Members of the Russian LGBT activist group Equal Rights has filed a complaint to the European Court of Human Rights, protesting a decision by St. Petersburg authorities to ban them from holding a gay pride march last year. The activists argue that the ban was a covert form of discrimination “prohibited by international law.” They also plan to lodge a complaint against the city’s authorities for preventing them from holding a similar rally on July 7 this year. LGBT activists were planning to stage a demonstration on June 25, 2011, but could not agree on the route of the rally with St. Petersburg authorities. Nevertheless, several people gathered for an unsanctioned meeting, and 14 were arrested and later charged with administrative violations. A similar demonstration this year was banned by city authorities, who argued that it violated the recently-adopted law prohibiting homosexual propaganda. Three people staged a protest despite the ban and were detained by the police.
A total of 38 people have been taken to hospital in the eight days of the San Fermin bull-running festivities in the Spanish city of Pamplona. Four of those injured were gored. On Saturday, four people were harmed in the runs, but their injuries were not caused by a bull. Two men suffered head injuries after falling; one man bruised his shoulder, while another person damaged his knee. Each day, hundreds of runners sprinted along a 2,800 foot (850 meter) route through the narrow streets of the city with six bulls chasing them. This year’s event was calm compared to other years. The same number of people was gored last year, down from nine people in 2010. In 2009, a 27-year-old Spanish man was gored to death, the 15th fatality at the Pamplona run since records began in 1924. The San Fermin festival, which dates back to 1591, honors Pamplona’s patron saint and is also celebrated with fireworks, folk dancing, religious processions and non-stop alcohol drinking.
A suicide bomb has struck the town of Muhrada in the flashpoint province of Hama in Syria, killing three people, reports Syrian state news. One security officer was killed in the blast as well as a woman and child. Opposition group the Syrian Observatory for Human Rights said the bomb was targeting a military security installation nearby. The bombing of military buildings has become more prevalent in Syria over recent months. President Assad has branded the attacks as terrorist insurgency on the part of rebel groups, while opposition groups claim the government orchestrates them to discredit Assad’s rivals.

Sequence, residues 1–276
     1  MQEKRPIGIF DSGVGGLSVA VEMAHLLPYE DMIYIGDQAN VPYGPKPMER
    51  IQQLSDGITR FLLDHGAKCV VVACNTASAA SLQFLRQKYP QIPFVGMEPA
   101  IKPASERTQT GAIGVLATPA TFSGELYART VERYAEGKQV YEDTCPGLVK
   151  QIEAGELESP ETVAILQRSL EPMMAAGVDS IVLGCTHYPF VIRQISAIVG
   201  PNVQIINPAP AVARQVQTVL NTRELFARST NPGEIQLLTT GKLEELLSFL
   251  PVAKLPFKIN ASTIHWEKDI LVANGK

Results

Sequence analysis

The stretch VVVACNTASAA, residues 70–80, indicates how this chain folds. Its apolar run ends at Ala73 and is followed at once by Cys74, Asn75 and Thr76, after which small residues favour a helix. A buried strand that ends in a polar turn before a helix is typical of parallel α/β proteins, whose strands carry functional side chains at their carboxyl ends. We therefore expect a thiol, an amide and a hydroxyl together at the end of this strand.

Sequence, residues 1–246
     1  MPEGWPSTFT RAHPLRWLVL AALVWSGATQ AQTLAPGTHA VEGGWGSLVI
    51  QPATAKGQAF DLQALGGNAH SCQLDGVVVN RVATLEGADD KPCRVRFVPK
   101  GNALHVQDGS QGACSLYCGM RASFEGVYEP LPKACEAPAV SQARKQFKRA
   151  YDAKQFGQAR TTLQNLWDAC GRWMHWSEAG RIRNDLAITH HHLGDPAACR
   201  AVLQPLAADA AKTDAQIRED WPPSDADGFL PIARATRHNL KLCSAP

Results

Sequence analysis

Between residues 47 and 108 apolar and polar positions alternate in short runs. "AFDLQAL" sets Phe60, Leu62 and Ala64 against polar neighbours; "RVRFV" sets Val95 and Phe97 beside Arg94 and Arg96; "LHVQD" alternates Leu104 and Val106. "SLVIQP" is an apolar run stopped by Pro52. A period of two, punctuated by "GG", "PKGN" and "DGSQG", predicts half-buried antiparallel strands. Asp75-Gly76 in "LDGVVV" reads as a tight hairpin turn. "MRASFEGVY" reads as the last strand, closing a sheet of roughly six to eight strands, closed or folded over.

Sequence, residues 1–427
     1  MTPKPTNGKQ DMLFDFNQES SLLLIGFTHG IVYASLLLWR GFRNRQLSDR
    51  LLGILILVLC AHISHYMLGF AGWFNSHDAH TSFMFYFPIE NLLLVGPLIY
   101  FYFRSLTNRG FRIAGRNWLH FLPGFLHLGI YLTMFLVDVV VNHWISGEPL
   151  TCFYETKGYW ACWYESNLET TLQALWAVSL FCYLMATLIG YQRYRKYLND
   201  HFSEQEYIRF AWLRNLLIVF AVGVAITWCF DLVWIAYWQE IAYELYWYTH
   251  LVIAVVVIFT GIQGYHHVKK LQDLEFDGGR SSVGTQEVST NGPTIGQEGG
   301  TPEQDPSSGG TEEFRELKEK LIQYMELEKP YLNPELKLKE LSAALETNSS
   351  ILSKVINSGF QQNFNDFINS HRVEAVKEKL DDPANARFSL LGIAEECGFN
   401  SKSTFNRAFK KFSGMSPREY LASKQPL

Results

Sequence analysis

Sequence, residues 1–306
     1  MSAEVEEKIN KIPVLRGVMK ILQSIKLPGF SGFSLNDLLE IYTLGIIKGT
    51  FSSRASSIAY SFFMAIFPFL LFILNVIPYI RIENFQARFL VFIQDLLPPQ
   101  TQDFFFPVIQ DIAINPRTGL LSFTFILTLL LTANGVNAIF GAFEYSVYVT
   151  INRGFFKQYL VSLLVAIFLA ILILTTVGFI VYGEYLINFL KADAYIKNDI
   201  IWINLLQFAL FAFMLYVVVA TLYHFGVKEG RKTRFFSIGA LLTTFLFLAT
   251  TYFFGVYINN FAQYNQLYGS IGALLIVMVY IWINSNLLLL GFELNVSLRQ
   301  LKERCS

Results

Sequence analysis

A surfer has been killed in a savage shark attack near Wedge Island, off Australia's west coast on Saturday morning, officials said. It is the fifth such fatality in the region in less than a year. A large-scale air, coast and sea search is underway for the remains of the victim, who was reported to be in his early 20s.
Torrential rains in southwestern Japan have sparked flash floods and landslides, killing 22 and forces almost a quarter of million from their homes. A record 50.75 centimeters of rain struck the southern island of Kyushu, inundating the cities of Aso and Hita. At least 246,000 people on the island have been given the order to evacuate.
A suicide bomber blew himself up at a wedding hall in northern Afghanistan province of Samangan, killing at least 20, report local officials. Among the dead was well-known military commander and Member of Parliament Ahmad Khan Samangani. Local sources say that more than 40 others were also injured by the suicide blast.
More than 500 Magellanic penguins, which are native to southern South America, have been found dead on southern Brazilian beaches, the country’s authorities said on Friday according to AFP. Veterinarians are investigating the deaths of the 512 marine birds which beached on the coast between the towns of Tramandai and Cidreira, some 100 kilometers from the state capital, Porto Alegre. The results of laboratory tests are expected to be ready within a month.
More than 90 out of 103 known species of lemurs - a group of primates unique to the island of Madagascar - are under threat. The northern sportive lemur, for example, has only 18 known individuals left. The conclusion was made on Friday at a workshop by the Primate Specialist Group of the International Union for the Conservation of Nature (IUCN). Some 60 conservationists from all over the globe have met this week in Madagascar's capital Antananarivo to discuss conservation measures aimed at the protection of what now appears to be the world’s most threatened group of mammals.
Hundreds of protesters have clashed with riot police in Madrid on Friday evening over new austerity measures, AP reports. The protesters demonstrated outside the People's Party offices of Spanish Prime Minister Mariano Rajoy before clashing with riot police, who used batons to prevent the crowds from getting too close to the Socialist Workers' Party headquarters. One person reportedly suffered a broken nose and three people were arrested. The latest package of Spain’s counter-crisis measures includes wage cuts and tax increases, while the country’s population struggles against the recession and an unemployment rate of almost 25 per cent.